accomplished without violence or intimidation against the person or force upon things. Clearly, all these
elements have been shown.

Same; Same; Corpus Delicti; Elements; To be caught in possession of the stolen property is not an
element of the corpus delicti in theft—in theft, corpus delicti has two elements, namely, (1) that the
property was lost by the owner, and (2) that it was lost by felonious taking.—Petitioner contends that he
cannot be held liable for the charges on the ground that he was not caught in possession of the missing
funds. This is clutching at straws. To be caught in possession of the stolen property is not an element of
the corpus delicti in theft. Corpus delicti means the “body or substance of the crime, and, in its primary
sense, refers to the fact that the crime has been actually committed.” In theft, corpus delicti has two
elements, namely: (1) that the property was lost by the owner, and (2) that it was lost by felonious
taking. In the case before us, these two elements were established. The amounts involved were lost by
WUP because petitioner took them without authority to do so.

Same; Same; Flight; The flight of an accused, in the absence of a credible explanation, would be a
circumstance from which an inference of guilt may be established for a truly innocent person would
normally grasp the first available opportunity to defend himself and to assert his innocence.—
Petitioner’s argument that the fact that he was arrested in Parañaque does not mean he fled because he
had no knowledge that there were warrants for his arrest does not hold water. It must be stressed that
petitioner, after learning that he was the one being pointed to as the culprit during the conduct of the
external audit, suddenly resigned and left the school without securing any clearance. He was
apprehended only after more than two years of searching. Jurisprudence has repeatedly declared that
flight is an indication of guilt. The flight of an accused, in the absence of a credible explanation, would be
a circumstance from which an inference of guilt may be established ‘for a truly innocent person would
normally grasp the first available opportunity to defend himself and to assert his innocence.’ Under the
circumstances, it is clear that petitioner tried to evade responsibility for the money that he took.
Knowing fully well that he is the suspect, he suddenly disappeared without any clearance from the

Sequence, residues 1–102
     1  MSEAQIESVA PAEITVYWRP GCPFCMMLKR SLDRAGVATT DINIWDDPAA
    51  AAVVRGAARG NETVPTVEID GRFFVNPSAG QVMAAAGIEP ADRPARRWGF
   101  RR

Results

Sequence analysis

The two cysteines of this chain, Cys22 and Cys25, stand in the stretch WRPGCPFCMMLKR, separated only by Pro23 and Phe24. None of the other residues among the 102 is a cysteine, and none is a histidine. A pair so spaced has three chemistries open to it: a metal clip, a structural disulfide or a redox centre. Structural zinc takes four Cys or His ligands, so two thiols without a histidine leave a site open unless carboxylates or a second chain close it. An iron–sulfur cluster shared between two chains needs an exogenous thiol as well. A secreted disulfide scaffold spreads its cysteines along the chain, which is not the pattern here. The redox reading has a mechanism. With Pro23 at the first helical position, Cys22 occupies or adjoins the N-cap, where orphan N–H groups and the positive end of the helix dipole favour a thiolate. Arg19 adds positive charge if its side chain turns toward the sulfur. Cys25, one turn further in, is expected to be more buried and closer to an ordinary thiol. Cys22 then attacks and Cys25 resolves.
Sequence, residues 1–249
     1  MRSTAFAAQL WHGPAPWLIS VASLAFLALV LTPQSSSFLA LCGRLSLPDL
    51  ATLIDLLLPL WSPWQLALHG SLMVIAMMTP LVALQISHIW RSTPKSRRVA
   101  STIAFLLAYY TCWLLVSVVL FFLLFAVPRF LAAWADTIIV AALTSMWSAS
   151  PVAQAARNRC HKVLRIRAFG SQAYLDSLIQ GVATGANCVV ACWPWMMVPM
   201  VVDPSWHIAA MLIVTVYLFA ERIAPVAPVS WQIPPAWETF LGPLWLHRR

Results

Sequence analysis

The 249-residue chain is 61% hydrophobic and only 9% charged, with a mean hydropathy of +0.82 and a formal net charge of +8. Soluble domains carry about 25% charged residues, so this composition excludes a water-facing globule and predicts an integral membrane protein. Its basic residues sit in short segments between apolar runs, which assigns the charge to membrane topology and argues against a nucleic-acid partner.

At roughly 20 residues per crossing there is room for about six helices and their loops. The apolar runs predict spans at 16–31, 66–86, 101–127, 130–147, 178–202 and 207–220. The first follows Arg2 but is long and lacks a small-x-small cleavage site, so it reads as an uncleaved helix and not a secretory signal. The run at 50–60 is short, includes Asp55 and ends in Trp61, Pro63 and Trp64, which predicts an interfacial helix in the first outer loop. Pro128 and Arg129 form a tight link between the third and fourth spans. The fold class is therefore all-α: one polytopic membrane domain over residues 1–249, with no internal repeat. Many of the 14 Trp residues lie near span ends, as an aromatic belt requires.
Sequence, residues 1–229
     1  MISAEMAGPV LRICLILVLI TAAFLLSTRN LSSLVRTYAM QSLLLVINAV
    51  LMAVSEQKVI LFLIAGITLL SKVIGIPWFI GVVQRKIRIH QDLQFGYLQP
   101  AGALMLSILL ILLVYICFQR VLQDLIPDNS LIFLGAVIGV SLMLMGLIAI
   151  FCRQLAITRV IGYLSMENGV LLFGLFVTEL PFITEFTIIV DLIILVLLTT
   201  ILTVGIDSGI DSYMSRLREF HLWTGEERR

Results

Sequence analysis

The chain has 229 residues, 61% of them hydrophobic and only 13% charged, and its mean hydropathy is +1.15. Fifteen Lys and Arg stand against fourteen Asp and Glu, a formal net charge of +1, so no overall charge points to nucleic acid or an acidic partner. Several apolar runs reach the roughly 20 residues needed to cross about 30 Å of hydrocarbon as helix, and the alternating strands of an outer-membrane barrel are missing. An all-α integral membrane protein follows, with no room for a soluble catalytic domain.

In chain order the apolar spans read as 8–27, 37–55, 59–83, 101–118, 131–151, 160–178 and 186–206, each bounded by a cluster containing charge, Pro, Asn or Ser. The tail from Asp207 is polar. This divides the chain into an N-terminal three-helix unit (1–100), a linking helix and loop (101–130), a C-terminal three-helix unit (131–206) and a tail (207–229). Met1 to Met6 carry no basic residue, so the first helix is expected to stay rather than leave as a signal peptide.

school. He did not even try to clear his name considering that the external audit was already on-going
when he fled. Such actuation clearly indicates he is guilty. It does not matter if he does not know about
the warrants for his arrest because his purpose is precisely to avoid liability for his actions. The
explanation proffered by petitioner that he resigned because of the pressure coming from Dantes,
Manio and Sarmenta who pointed to him as the culprit, is flimsy and does not deserve any
consideration. Gan vs. People, 521 SCRA 550, G.R. No. 165884 April 23, 2007
Circumstantial Evidence; Like a tapestry made up of strands which create a pattern when interwoven, a
judgment of conviction based on circumstantial evidence can be upheld only if the circumstances
proved constitute an unbroken chain which leads to one fair and reasonable conclusion which points to
the accused, to the exclusion of all others, as the guilty person.—In People v. Geron, we held that
circumstantial evidence was sufficient to warrant a finding of guilt, as follows: “Doubtless, it is not only
by direct evidence that an accused may be convicted of the crime for which he is charged. There is in
fact consensus that resort to circumstantial evidence is essential since to insist on direct testimony
would, in many cases, result in setting felons free and deny proper protection to the community.
However, certain guidelines have been evolved for circumstantial evidence to be acceptable. Like a
tapestry made up of strands which create a pattern when interwoven, a judgment of conviction based
on circumstantial evidence can be upheld only if the circumstances proved constitute an unbroken chain
which leads to one fair and reasonable conclusion which points to the accused, to the exclusion of all
others, as the guilty person. All the circumstances must be consistent with each other, consistent with
the hypothesis that the accused is guilty and at the same time inconsistent with the hypothesis that he is
innocent, and with every other rationale except that of guilt.” People vs. Dela Cruz, 343 SCRA 357, G.R.
Nos. 138516-17 October 17, 2000